Inside Alabama Politics

Inside Alabama Politics – February 19, 2019

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Senate 2020 

It may be early yet in the race for U.S. Senate in 2020, but look for things to heat up soon.

Multiple sources tell Inside Alabama Politics that Congressman Bradley Byrne is set to formally announce his candidacy this week. Though widely expected for months, Byrne’s formal entrance into the race signals a new phase of the campaign and puts other potential candidates “on the clock.”

Byrne is popular in the 1st congressional district and has been making his way around the state to reintroduce himself to voters outside South Alabama. Of course, many will remember Byrne from being on the verge of becoming governor in 2010 before narrowly losing the primary runoff to eventual winner Robert Bentley.

Byrne recently told Alabama Daily News that he learned several lessons from that campaign. Namely, don’t pick an unnecessary fight with a behemoth like the Alabama Education Association, avoid another situation with then-opponent Tim James in which  “we’re just shooting holes in each other” and allowing a third candidate to rise, and, most importantly just be himself.

“I just gotta be me,” Byrne said. “Sometimes you get these political consultants, and they have this cookie cutter way of saying, ‘you need to be X.’ Well, no, I don’t need to be X. I need to be Bradley.”

One candidate you shouldn’t quite count out of the race is Congressman Gary Palmer. When Palmer ascended to a House GOP leadership position earlier this year, many assumed any Senate ambitions would yield to the new responsibility of being Republican Policy Committee Chairman. However, Palmer said has not ruled out a Senate run.

“I want to be where I can make a difference,” Palmer said. “Certainly there will be a time when I need to show my cards, one way or the other, in the next few weeks. I think it’s unfair to a lot of folks out there that do want to run not to say something with all the attention that I’ve gotten for that seat.”

Also, Lee Busby is considering a formal run for the U.S. Senate this time around, according to those familiar with this thinking. Busby, a retired Marine and former aide to General John Kelly, waged a write-in campaign during the Roy Moore – Doug Jones contest that resulted in a lot of media attention and 3,696 votes.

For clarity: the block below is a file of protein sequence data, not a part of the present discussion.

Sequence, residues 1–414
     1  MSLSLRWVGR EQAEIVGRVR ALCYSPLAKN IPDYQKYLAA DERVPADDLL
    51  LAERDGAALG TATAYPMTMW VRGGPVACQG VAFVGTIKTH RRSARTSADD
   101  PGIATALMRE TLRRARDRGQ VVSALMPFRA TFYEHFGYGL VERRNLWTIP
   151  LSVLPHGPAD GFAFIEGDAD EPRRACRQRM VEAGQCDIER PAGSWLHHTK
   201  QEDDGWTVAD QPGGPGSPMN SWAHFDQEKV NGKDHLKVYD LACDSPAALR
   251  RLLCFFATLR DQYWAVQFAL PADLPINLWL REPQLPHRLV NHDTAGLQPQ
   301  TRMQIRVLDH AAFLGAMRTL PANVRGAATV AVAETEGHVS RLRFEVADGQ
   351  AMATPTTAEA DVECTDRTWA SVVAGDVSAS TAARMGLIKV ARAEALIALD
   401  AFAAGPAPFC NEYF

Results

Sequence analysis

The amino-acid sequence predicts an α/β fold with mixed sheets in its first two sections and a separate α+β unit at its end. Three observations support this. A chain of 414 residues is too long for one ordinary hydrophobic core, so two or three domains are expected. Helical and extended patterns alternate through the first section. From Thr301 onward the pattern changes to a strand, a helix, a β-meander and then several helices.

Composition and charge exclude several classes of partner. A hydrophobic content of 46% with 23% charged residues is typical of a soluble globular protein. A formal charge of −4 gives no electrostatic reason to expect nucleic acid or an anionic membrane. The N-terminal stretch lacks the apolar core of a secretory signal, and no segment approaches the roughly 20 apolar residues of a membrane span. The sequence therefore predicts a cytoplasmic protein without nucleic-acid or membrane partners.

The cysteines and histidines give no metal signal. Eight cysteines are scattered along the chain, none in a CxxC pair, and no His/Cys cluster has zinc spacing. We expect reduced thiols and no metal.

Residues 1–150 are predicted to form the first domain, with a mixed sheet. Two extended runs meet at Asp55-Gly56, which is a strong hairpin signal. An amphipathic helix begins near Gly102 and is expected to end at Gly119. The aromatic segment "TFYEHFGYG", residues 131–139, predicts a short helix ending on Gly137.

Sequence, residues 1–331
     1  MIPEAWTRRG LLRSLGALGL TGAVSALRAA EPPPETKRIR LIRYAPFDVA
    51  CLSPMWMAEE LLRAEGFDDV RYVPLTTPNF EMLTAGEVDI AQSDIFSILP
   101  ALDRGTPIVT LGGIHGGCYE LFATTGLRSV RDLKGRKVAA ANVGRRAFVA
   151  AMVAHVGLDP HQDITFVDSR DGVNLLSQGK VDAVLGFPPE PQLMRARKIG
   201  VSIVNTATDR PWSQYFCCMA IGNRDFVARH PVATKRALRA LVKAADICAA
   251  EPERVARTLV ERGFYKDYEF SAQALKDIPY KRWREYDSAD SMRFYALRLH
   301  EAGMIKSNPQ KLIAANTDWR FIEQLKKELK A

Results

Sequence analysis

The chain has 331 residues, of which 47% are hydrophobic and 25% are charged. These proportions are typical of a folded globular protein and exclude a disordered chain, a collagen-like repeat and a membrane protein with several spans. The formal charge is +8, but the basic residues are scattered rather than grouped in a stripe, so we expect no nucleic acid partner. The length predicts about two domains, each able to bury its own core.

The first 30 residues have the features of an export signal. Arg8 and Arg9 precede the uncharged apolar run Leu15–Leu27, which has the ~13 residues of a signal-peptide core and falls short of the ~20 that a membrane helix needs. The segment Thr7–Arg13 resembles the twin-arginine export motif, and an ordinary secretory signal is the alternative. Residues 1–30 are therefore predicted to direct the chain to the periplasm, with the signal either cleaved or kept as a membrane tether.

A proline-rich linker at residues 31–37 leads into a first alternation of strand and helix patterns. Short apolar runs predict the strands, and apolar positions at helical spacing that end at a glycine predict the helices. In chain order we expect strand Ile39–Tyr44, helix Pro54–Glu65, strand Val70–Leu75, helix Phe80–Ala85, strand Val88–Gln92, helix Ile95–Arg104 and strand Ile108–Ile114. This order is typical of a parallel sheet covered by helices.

State Senate committee changes

The Alabama Legislature’s Regular Session begins in just two weeks, and those keeping track of the State Senate will notice some changes to the upper chamber’s organization.

Each Senator was asked to drop two committees from his or her assignments from last quadrenicm in an attempt to consolidate committee work and help the body function on time. Last term, some senators sat on as many as nine committees, leading to an almost unbearable workload and meeting schedules that forced the Senate to run late on committee days.

This year, the major committees that tend to meet every week – including Judiciary and Ways & Means Education and General Fund, will meet on Wednesday mornings and be asked to conclude their business before 1:00 p.m. Smaller committees that tend to meet every other week will be scheduled for the afternoons.

Sources tell IAP that committee chairmen will also play a more influential role in the flow of legislation in the Senate. With President Pro Tem Del Marsh preparing for a likely U.S. Senate run and Majority Leader Greg Reed needing to please GOP Caucus members in order to win the top job, look for committee chairmen to assume more control over the day-to-day business of the body. 

A new Solicitor General

After recruiting Clark Morris away from the U.S. Attorney’s Office to replace Matt Hart as head of Special Prosecutions, Attorney General Steve Marshall has made another major hire. 

Eddie LaCour has joined the Attorney General’s Office as Assistant Solicitor General and will take the reins as Solicitor General when current Solicitor General Andrew Brasher is confirmed to the federal bench. LaCour clerked for Judge Bill Pryor on the 11th Circuit and comes to the AG’s Office from Kirkland and Ellis in Washington, D.C. where he worked with Paul Clement, former United States Solicitor General. LaCour is a graduate of Birmingham Southern and Yale Law.